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Computational and Mathematical Methods in Medicine
Volume 2016 (2016), Article ID 7359516, 11 pages
Research Article

Wavelet Based Method for Congestive Heart Failure Recognition by Three Confirmation Functions

Electrical and Computer Engineering Department, King Abdulaziz University, P.O. Box 80230, Jeddah 21589, Saudi Arabia

Received 30 May 2015; Revised 23 September 2015; Accepted 15 October 2015

Academic Editor: Yi Su

Copyright © 2016 K. Daqrouq and A. Dobaie. This is an open access article distributed under the Creative Commons Attribution License, which permits unrestricted use, distribution, and reproduction in any medium, provided the original work is properly cited.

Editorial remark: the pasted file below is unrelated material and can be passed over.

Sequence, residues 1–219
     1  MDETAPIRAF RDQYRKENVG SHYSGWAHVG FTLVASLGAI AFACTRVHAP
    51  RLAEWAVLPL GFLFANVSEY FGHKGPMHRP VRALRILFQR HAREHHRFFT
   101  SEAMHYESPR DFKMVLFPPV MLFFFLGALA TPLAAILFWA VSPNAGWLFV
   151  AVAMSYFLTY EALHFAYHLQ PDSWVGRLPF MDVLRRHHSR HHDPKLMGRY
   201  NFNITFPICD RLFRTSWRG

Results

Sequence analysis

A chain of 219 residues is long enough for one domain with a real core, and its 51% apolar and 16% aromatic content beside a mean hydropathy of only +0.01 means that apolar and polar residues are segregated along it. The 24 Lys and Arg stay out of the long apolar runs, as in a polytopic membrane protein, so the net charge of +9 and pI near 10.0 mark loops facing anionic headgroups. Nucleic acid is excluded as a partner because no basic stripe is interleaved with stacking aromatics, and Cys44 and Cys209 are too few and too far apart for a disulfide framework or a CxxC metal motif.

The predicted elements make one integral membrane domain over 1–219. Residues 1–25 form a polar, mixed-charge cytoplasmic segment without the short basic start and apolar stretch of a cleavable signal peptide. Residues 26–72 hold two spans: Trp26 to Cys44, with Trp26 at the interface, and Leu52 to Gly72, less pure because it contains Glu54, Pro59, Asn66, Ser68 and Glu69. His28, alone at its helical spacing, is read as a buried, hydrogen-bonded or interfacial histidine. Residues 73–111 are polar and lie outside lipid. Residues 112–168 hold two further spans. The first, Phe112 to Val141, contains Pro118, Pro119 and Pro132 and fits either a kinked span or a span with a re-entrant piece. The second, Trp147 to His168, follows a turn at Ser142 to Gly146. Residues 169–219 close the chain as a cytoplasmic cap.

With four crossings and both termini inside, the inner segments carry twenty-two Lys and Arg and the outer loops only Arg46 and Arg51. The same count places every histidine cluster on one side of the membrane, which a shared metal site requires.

An investigation of the electrocardiogram (ECG) signals and arrhythmia characterization by wavelet energy is proposed. This study employs a wavelet based feature extraction method for congestive heart failure (CHF) obtained from the percentage energy (PE) of terminal wavelet packet transform (WPT) subsignals. In addition, the average framing percentage energy (AFE) technique is proposed, termed WAFE. A new classification method is introduced by three confirmation functions. The confirmation methods are based on three concepts: percentage root mean square difference error (PRD), logarithmic difference signal ratio (LDSR), and correlation coefficient (CC). The proposed method showed to be a potential effective discriminator in recognizing such clinical syndrome. ECG signals taken from MIT-BIH arrhythmia dataset and other databases are utilized to analyze different arrhythmias and normal ECGs. Several known methods were studied for comparison. The best recognition rate selection obtained was for WAFE. The recognition performance was accomplished as 92.60% accurate. The Receiver Operating Characteristic curve as a common tool for evaluating the diagnostic accuracy was illustrated, which indicated that the tests are reliable. The performance of the presented system was investigated in additive white Gaussian noise (AWGN) environment, where the recognition rate was 81.48% for 5 dB.